Owned at the time by Overseas Motors in Fort Worth, Texas, the first Jaguar XK-SS in the United States is taken out by Dave Tallaksen for a run at Eagle Mountain in April 1957. At this point the only competition preparation performed on the car is that its canvas top has been removed.
Photo: Bob Jackson
By late 1956 the production of Jaguar’s D-Type competition model had come to an end, but of a total of 71 cars built since 1954, 16 remained unsold. In an effort to find a different market for its increasingly obsolete inventory, the factory decided to convert each remaining competition car into a luxury, road-going version. The traditional finned headrest was removed from its aluminum body; a full-width, metal-framed windshield with side screens, windshield wipers, bumpers and a trunk-mounted luggage rack were added. In the cockpit the gauges were spread out across the dashboard, unlike the competition model where they were concentrated. Upholstery was first class and to protect its wealthy owner from the elements a canvas folding top was added. The luxury model was named the XK-SS and each of the converted XK-Ds received a different chassis number, starting with a 7 to reflect the year of conversion: 1957.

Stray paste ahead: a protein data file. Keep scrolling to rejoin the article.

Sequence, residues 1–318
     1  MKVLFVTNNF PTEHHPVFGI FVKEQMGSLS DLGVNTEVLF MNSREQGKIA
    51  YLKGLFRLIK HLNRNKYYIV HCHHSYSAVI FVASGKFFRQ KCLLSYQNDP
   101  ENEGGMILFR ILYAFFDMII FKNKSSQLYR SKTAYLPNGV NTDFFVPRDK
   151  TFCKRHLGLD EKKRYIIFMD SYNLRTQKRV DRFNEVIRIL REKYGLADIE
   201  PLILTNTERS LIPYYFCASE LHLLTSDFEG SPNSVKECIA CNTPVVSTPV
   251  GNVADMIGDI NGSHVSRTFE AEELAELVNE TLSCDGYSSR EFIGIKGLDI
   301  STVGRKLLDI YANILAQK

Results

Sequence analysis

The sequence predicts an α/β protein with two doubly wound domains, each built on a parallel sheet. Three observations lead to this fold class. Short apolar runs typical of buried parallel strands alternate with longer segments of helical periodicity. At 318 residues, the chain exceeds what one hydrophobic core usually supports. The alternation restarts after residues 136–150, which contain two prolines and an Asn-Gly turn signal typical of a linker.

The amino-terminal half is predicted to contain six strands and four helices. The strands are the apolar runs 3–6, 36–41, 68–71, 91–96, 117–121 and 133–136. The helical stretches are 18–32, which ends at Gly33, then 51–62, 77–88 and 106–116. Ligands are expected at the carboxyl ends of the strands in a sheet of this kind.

Mechanically the XK-SS remained similar to the production (read: customer) version of D-Type: a 3.4-liter, straight-6 engine with double overhead camshafts fed by three 45 DCM Webers. Output was 250 bhp and top speed 150 mph. The new model came with the D-Type’s effective disc brakes and knock-off alloy competition wheels made by Dunlop.
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